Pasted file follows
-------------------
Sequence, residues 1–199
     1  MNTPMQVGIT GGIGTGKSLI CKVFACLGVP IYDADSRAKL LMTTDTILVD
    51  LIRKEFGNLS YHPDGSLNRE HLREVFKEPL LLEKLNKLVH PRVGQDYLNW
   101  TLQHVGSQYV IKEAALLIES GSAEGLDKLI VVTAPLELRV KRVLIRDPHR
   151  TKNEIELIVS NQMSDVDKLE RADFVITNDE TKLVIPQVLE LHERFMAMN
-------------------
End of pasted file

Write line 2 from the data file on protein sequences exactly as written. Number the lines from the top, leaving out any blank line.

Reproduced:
     1  MNTPMQVGIT GGIGTGKSLI CKVFACLGVP IYDADSRAKL LMTTDTILVD